The next slide: Make Good Art. -Neil Gaiman. In the interview and in life, you should care. Share your passion for UX. Show your interviewers that you’re the real deal. Your interviewer is not only considering your skills but your compatibility with the existing team. Are you going to get along with people, are you going to fit with the existing culture.
Question: What’s the ideal LinkedIn? See template, SEO and portfolio. Concise descriptions, here’s what I did and this is the results. Embrace your background, you can’t hide who you are.
Question: Tailor presentation or website? They want to get to know who they’re talking to. Help them out. Apply yourself into the context and layer in your experience. Your scope of your presentation should vary if it’s a project manager or a designer that you’re talking to.
Question: What about design choices? During the mock interview, less emphasis was put on design choices, partially because of the background of both candidates did not emphasize that, but also because of the audience. In a real interview, interviewers will want to dial down deep and you need to be prepared. Treat your interviewer’s time as precious.
Question: Results? Should you omit bad parts unless asked about? No, be honest and tell a real story. You might walk into less than ideal situations and that’s how we learn and grow. Show a project where you had an experience and how you learned from it. Sometimes we need to get creative in describing positive outcomes with qualitative reviews. Sometimes the market just isn’t there for your product, but that doesn’t mean there’s nothing good about the project.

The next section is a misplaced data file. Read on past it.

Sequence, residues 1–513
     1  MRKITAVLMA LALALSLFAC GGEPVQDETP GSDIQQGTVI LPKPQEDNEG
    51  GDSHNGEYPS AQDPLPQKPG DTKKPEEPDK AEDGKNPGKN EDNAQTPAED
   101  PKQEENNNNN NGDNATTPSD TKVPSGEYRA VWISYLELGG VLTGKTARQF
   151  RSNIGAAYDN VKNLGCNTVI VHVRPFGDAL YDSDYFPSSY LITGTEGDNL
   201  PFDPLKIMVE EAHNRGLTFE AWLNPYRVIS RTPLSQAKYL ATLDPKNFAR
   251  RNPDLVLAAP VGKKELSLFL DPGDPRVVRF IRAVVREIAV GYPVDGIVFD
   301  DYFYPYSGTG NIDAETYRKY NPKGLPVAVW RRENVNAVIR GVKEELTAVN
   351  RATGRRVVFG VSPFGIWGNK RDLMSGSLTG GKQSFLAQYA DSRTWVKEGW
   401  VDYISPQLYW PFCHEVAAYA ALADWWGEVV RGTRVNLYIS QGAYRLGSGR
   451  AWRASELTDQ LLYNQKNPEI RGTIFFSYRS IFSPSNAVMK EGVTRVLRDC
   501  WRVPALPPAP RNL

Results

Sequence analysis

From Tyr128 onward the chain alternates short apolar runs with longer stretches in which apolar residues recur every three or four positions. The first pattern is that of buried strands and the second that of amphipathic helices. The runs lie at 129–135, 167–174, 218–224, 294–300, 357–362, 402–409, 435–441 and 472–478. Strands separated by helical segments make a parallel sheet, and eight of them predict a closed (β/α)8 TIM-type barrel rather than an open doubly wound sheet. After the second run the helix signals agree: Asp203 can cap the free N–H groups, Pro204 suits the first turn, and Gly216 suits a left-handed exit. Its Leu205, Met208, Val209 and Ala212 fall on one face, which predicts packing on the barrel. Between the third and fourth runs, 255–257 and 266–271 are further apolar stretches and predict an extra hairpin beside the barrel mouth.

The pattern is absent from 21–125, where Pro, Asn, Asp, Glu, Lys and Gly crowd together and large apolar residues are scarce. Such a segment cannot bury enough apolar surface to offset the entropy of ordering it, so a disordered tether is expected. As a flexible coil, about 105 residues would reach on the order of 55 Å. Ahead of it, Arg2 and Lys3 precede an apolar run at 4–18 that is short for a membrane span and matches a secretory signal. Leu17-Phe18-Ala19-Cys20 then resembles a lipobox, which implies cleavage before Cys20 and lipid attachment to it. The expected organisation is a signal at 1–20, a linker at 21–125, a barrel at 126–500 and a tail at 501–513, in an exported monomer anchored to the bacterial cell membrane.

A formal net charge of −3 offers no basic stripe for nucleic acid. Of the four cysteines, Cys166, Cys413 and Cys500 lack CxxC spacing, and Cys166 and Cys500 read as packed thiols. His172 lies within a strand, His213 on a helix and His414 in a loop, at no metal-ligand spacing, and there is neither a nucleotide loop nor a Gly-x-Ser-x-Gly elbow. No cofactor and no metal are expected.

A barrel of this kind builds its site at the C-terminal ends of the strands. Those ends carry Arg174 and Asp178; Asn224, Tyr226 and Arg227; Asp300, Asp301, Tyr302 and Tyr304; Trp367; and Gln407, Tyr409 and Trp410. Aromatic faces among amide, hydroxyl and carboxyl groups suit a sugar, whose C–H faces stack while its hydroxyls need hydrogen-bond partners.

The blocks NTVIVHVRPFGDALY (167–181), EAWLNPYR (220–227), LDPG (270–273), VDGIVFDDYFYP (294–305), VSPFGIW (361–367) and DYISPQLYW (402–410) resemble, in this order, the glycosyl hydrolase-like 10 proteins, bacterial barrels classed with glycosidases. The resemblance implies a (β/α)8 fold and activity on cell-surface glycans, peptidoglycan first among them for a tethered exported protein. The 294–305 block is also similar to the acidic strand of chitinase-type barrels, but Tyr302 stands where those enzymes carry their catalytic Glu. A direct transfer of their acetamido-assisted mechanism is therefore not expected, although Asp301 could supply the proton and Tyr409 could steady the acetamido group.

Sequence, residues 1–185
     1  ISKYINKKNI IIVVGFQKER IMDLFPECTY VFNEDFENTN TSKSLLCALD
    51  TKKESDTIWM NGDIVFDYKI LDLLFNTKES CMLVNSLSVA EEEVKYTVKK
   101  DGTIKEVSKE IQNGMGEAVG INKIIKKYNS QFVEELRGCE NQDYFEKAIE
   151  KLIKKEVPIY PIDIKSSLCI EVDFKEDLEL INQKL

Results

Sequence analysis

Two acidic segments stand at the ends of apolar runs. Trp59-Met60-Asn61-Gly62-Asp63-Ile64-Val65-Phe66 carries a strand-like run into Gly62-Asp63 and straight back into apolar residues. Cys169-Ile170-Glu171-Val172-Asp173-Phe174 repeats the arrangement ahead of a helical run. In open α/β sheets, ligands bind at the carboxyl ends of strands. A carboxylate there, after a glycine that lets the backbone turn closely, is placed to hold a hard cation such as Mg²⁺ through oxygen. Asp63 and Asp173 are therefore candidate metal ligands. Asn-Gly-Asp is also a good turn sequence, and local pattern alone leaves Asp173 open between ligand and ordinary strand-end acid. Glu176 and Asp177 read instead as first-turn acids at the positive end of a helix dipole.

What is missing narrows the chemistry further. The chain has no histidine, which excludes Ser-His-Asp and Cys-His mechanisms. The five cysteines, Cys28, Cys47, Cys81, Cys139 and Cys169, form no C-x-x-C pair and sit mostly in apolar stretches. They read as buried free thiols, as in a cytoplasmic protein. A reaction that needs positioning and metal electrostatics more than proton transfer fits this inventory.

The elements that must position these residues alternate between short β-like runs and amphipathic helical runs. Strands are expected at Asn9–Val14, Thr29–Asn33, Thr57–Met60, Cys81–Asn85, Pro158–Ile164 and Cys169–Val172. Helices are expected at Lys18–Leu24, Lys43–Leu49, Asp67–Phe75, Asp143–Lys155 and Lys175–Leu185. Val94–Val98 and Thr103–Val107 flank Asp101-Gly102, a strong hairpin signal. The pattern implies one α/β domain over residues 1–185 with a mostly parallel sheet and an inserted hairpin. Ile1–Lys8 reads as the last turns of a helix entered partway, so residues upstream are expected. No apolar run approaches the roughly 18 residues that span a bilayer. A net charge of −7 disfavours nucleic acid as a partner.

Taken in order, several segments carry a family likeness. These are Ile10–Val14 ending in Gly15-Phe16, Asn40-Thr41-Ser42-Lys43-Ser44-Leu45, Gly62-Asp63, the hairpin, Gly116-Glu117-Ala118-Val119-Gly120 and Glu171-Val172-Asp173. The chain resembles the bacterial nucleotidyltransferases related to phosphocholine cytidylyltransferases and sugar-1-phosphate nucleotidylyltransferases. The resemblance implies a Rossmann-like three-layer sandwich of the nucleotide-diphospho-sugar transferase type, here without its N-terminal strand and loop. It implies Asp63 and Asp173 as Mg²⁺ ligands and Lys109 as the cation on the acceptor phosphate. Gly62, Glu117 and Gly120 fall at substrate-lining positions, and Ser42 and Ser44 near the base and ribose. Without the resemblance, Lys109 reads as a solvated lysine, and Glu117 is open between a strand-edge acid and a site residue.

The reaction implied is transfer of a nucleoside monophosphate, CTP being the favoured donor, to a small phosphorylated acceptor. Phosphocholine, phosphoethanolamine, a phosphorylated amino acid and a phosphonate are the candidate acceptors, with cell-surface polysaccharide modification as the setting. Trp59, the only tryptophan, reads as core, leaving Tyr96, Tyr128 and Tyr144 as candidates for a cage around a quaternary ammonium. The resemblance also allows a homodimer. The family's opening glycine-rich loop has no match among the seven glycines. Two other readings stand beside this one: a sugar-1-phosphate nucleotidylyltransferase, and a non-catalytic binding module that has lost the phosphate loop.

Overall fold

Question: Do you want to be a generalist or a specialist? There is always a search for that mythical unicorn that does everything, but most UX designers are T-shaped —What makes a good UX designer? – UX for the masses— and are good at a few things and appreciate and understand the other aspects. Be honest about what you can do. First focus on strengths and then show well-roundedness. Try to be good at one thing then expand out. If you’re in school (or if you’re not
Question: How to deal with NDA (Non-disclosure agreement)? Troy gave the example of a UX designer who couldn’t really talk about a project, but she hat a great skill to tell the story using elaborate metaphor without the actual product details. Rule is don’t show it. You want to gain the trust of your employer. If you need to buff up your portfolio, try some side projects. Local hack-a-thons and start-up weekend recommended.